Those aren't giant leaps, but Qualcomm is betting that they'll be ideal for gaming, where GPU performance is more important than raw number crunching. The tweaks also make the 855 Plus helpful for AR and VR experiences, AI and anything else that's particularly taxing. This isn't your dream chip for 5G, though. The built-in modem can't handle more than LTE, so devices will still need a separate X50 modem (and potentially make compromises in size and battery life) to reach next-gen cellular speeds.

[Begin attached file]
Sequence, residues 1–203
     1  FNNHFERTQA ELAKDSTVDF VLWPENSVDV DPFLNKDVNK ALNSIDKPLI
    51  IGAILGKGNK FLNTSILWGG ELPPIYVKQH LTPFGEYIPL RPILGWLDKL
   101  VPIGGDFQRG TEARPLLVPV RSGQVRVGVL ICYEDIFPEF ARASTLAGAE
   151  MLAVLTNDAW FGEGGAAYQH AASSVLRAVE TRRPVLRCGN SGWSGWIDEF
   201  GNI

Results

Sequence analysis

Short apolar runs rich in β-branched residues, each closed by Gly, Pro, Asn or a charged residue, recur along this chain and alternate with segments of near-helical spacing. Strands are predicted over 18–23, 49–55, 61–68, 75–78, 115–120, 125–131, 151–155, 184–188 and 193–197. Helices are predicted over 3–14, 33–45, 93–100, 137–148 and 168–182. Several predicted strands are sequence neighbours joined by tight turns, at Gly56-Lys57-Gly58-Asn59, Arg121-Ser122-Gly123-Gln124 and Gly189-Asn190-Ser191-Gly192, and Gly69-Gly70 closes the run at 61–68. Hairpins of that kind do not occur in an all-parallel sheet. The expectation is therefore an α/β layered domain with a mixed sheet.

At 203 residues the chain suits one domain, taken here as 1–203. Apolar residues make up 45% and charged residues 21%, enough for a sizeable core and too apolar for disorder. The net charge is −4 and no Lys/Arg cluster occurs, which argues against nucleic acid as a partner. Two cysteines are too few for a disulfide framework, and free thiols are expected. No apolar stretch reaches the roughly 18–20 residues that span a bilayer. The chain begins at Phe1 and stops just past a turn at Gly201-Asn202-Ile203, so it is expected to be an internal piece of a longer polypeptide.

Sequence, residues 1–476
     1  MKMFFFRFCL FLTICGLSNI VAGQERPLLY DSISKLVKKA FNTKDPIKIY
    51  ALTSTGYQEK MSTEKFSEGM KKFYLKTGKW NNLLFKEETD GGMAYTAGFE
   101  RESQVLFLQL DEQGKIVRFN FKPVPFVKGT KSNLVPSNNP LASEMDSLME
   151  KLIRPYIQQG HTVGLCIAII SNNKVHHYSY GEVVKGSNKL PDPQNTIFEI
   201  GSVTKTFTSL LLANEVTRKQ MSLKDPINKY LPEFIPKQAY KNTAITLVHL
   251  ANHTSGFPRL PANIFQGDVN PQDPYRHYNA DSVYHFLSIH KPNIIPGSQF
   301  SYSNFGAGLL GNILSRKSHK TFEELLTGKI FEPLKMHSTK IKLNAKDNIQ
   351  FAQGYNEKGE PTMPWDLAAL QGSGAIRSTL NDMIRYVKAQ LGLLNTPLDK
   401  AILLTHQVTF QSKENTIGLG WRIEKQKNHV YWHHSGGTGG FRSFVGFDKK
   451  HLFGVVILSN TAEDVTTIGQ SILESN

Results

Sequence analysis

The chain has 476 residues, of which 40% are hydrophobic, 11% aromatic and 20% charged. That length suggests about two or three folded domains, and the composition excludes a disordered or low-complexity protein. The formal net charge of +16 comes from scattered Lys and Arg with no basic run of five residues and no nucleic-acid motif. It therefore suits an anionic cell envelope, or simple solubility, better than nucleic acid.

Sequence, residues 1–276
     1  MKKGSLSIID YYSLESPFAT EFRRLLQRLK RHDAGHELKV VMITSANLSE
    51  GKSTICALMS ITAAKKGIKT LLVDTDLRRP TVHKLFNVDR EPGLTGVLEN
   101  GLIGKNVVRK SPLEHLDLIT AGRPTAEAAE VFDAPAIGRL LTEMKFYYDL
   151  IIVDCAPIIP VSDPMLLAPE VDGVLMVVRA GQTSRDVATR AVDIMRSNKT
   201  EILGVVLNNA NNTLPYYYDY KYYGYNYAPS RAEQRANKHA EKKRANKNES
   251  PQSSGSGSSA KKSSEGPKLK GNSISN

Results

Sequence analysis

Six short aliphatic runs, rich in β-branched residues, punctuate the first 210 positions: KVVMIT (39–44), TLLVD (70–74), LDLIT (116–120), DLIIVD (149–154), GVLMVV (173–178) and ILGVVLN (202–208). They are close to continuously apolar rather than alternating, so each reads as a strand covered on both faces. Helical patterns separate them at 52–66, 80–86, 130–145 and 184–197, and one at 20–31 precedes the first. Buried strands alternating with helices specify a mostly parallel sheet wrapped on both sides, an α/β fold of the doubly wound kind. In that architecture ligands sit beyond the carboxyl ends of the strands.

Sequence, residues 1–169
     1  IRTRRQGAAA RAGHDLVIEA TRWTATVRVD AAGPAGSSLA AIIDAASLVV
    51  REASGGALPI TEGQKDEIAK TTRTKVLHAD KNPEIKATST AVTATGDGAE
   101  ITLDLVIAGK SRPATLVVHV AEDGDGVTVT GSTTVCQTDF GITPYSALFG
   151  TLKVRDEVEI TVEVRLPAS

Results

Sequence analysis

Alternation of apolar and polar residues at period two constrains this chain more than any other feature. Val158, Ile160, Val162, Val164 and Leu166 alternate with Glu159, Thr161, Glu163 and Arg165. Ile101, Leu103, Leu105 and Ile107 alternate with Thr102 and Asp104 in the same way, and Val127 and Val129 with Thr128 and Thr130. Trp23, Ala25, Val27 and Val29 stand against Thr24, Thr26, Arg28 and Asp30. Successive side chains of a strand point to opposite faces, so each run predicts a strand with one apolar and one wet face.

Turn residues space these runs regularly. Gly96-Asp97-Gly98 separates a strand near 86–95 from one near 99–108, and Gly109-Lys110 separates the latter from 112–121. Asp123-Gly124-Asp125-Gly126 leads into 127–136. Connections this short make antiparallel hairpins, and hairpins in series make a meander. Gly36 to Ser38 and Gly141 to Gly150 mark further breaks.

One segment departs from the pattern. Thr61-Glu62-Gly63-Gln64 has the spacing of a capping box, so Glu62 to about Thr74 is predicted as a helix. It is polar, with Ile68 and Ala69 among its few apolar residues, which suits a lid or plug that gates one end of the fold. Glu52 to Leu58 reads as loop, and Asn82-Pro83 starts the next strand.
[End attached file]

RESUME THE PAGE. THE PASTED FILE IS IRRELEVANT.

You won't have to wait long to see the 855 Plus in use, at least. Qualcomm is expecting devices built around the new system-on-a-chip to ship in the second half of 2019. Unlike in the past few years, you won't have to settle for a months-old Snapdragon just because you want an Android phone released in the back half of the year. There's only one mention of vendors using the 855 Plus as we write this, with ASUS confirming that its upcoming ROG Phone II will feature the chip. There's a good chance that other major phone makers will leap on this -- it's a way to keep their phone lineups fresh without waiting for the 855's full-fledged sequel.